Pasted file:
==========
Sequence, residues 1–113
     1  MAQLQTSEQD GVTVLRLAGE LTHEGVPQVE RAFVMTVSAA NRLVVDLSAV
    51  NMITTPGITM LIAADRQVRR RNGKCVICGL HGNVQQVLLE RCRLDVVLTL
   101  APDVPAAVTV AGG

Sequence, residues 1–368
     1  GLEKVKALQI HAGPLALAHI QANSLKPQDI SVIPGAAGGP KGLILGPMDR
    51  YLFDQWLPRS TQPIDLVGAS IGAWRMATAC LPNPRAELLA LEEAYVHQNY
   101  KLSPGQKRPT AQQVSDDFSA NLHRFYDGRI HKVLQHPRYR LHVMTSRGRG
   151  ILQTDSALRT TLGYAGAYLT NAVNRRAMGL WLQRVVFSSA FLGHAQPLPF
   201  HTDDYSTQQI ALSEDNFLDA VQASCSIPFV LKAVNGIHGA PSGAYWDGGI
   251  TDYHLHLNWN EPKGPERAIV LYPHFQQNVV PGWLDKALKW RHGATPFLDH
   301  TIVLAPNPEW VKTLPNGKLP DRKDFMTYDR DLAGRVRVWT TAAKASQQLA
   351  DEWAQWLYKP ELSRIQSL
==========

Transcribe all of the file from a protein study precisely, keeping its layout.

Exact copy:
Sequence, residues 1–113
     1  MAQLQTSEQD GVTVLRLAGE LTHEGVPQVE RAFVMTVSAA NRLVVDLSAV
    51  NMITTPGITM LIAADRQVRR RNGKCVICGL HGNVQQVLLE RCRLDVVLTL
   101  APDVPAAVTV AGG

Sequence, residues 1–368
     1  GLEKVKALQI HAGPLALAHI QANSLKPQDI SVIPGAAGGP KGLILGPMDR
    51  YLFDQWLPRS TQPIDLVGAS IGAWRMATAC LPNPRAELLA LEEAYVHQNY
   101  KLSPGQKRPT AQQVSDDFSA NLHRFYDGRI HKVLQHPRYR LHVMTSRGRG
   151  ILQTDSALRT TLGYAGAYLT NAVNRRAMGL WLQRVVFSSA FLGHAQPLPF
   201  HTDDYSTQQI ALSEDNFLDA VQASCSIPFV LKAVNGIHGA PSGAYWDGGI
   251  TDYHLHLNWN EPKGPERAIV LYPHFQQNVV PGWLDKALKW RHGATPFLDH
   301  TIVLAPNPEW VKTLPNGKLP DRKDFMTYDR DLAGRVRVWT TAAKASQQLA
   351  DEWAQWLYKP ELSRIQSL